Saturday, May 10, 2008
Yesterday, 2K Games announced that it has entered into an agreement with Universal Studios to bring their exceptional first person shooter, BioShock, to the silver screen.
BioShock will be directed by Gore Verbinski, the director of the Pirates of the Caribbean trilogy (well, the first film was good...), and the studio is in talks with John Logan (Gladiator), to pen the screenplay.
No release date has yet been announced.
While I think it's excellent to see such a high profile game get the royal treatment by being paired with a great studio and high profile director, I have strong doubts about what they can achieve, assuming the film will be a direct adaptation of the game itself.
Why? Because the exceptional atmosphere and story of BioShock are not just portrayed through the wonderful art-deco world or the game's audio logs, BioShock is as effective as it is because it is being experienced directly, first hand, by the player. To make it into a film will remove this hands-on element, that core necessity to the experience, and though I hope I'm wrong, I truly doubt it can have the same impact to a viewing audience.
Time will tell, of course, but what I want to see, what I really want to see, is Captain Jack Sparrow as a Big Daddy trying to drill his Little Sister undead Monkey. What?
Original story spotted at TeamXbox.
This past Thursday, Microsoft released Service Pack 3 for their Windows XP operating system. For those of us smart enough to _not_ have upgraded to Windows Vista, this new Service Pack contains all previous Windows XP updates, and also includes a host of new bug fixes as well as some minor new functionalities.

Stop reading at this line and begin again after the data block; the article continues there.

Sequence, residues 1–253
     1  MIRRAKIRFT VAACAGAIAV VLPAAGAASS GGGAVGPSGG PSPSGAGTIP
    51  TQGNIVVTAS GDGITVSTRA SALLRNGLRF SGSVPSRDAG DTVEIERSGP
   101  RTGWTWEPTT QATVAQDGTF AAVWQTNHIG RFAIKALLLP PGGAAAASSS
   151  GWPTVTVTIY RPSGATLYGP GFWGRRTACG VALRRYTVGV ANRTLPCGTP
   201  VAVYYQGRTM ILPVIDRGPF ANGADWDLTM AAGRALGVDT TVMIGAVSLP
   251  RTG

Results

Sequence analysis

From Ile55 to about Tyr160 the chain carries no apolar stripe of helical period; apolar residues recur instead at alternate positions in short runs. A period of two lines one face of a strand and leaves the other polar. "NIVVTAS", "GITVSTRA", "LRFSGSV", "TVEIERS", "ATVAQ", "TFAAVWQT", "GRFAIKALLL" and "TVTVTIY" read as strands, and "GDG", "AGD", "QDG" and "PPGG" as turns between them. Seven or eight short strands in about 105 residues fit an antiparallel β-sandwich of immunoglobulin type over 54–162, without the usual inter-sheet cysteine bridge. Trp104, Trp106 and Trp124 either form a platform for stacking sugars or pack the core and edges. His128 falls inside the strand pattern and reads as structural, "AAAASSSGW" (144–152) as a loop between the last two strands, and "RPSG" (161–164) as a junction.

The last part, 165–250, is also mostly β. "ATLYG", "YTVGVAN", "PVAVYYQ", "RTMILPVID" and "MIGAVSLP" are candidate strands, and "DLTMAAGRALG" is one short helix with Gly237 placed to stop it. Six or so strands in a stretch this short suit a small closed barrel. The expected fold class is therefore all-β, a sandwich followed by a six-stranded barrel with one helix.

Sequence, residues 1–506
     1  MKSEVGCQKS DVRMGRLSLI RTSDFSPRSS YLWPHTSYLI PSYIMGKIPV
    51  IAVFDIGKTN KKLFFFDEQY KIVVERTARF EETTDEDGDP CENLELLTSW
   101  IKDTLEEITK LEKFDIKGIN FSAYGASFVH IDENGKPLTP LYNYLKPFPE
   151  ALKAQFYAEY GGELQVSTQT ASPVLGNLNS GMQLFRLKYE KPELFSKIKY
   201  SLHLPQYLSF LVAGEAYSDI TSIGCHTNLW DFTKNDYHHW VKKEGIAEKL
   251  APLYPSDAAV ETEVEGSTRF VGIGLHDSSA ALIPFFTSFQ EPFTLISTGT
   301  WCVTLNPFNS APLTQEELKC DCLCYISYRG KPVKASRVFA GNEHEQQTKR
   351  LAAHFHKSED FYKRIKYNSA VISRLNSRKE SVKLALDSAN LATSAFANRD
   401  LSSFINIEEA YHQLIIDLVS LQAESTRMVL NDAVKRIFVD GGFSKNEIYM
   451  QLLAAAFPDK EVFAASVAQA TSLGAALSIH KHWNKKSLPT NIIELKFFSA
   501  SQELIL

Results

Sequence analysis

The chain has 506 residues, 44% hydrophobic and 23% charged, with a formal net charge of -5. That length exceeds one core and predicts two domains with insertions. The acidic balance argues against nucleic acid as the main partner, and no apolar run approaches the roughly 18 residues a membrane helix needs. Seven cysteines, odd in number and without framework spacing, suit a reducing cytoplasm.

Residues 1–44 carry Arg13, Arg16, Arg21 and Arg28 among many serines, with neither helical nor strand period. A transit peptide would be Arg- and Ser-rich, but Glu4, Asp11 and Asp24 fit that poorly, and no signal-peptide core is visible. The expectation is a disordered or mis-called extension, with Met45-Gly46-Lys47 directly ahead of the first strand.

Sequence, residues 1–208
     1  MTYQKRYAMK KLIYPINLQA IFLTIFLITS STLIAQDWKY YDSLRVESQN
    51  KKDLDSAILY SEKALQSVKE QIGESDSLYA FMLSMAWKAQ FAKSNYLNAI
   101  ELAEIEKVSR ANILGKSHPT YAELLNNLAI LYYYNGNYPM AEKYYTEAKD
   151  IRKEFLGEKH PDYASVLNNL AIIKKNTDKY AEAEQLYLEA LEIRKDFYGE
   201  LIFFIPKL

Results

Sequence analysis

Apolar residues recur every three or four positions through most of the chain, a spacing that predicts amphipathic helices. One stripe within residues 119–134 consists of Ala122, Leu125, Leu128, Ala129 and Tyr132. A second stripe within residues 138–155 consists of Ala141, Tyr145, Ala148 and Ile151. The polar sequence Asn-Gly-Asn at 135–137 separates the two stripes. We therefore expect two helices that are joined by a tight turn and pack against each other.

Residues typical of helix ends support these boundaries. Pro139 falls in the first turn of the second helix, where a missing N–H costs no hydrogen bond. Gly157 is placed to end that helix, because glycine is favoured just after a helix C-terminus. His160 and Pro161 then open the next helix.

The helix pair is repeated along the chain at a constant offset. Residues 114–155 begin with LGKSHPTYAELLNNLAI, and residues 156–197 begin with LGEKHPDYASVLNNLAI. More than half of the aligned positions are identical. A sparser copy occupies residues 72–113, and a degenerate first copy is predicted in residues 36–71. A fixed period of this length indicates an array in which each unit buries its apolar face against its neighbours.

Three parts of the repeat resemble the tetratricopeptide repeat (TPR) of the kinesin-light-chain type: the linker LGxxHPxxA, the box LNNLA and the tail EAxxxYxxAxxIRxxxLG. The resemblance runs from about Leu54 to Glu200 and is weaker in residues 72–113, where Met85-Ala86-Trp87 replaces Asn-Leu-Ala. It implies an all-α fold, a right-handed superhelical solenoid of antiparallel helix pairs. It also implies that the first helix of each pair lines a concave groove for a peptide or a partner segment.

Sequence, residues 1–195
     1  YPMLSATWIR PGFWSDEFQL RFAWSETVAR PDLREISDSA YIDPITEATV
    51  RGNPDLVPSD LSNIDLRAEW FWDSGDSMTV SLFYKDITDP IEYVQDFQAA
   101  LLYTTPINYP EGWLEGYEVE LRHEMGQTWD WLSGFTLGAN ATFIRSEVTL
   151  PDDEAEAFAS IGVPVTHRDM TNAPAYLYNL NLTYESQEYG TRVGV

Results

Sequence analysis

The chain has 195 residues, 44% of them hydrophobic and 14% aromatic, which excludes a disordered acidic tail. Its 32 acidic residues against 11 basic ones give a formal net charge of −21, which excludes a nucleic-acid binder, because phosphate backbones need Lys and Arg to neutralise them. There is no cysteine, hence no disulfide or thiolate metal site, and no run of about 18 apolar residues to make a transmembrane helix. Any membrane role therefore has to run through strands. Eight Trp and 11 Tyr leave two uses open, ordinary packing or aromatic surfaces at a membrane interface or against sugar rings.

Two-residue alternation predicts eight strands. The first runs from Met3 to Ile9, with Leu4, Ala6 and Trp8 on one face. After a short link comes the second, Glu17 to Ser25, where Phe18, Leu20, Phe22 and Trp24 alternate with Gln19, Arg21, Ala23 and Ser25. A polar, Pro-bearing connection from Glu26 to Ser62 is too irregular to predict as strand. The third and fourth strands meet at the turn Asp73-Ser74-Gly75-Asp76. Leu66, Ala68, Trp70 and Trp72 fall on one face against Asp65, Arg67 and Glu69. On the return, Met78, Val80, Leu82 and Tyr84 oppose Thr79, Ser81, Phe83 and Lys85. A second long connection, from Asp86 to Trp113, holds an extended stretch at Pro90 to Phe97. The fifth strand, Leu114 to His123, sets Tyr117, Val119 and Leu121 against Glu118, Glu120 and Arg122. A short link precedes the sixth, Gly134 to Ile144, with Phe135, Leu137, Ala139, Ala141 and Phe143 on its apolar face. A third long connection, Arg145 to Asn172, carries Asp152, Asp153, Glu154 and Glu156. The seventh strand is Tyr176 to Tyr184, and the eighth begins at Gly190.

Of course, in true Microsoft web site fashion, I can barely find any information on Windows XP Service Pack 3, and was only able to find this page, with what bare details that it contains, via a Google Search. Way to keep on top of things, Microsoft web team!
Anyway, you can download Windows XP Service Pack 3 here, or via Windows Update (which is how I found it). If you go through Windows Update, you'll also be able to get the full details on what this Service Pack adds/addresses.
Earlier this week, EA announced that newly acquired Pandemic Stuidos is developing The Lord of the Rings: Conquest, a game similar to the Star Wars: Battlefront series set in The Lord of the Rings universe.
The Lord of the Rings: Conquest will feature epic battles from the films, novels, and new battles created by the game's developers spanning the breath of Middle-earth, and the title is coming to both Xbox 360 and PlayStation 3 later in 2008. Details can be found at TeamXbox here.
I figure this game will be mainly Multiplayer based with a token Single Player Campaign thrown in for good measure, so it'll likely be a renter for me.
Earlier this week, id Software officially announced that Doom 4 is in the works. Aside from that, they haven't revealed anything about the game. If it's a sequal to Doom 3. What engine it will use. What platforms it will be released on, etc.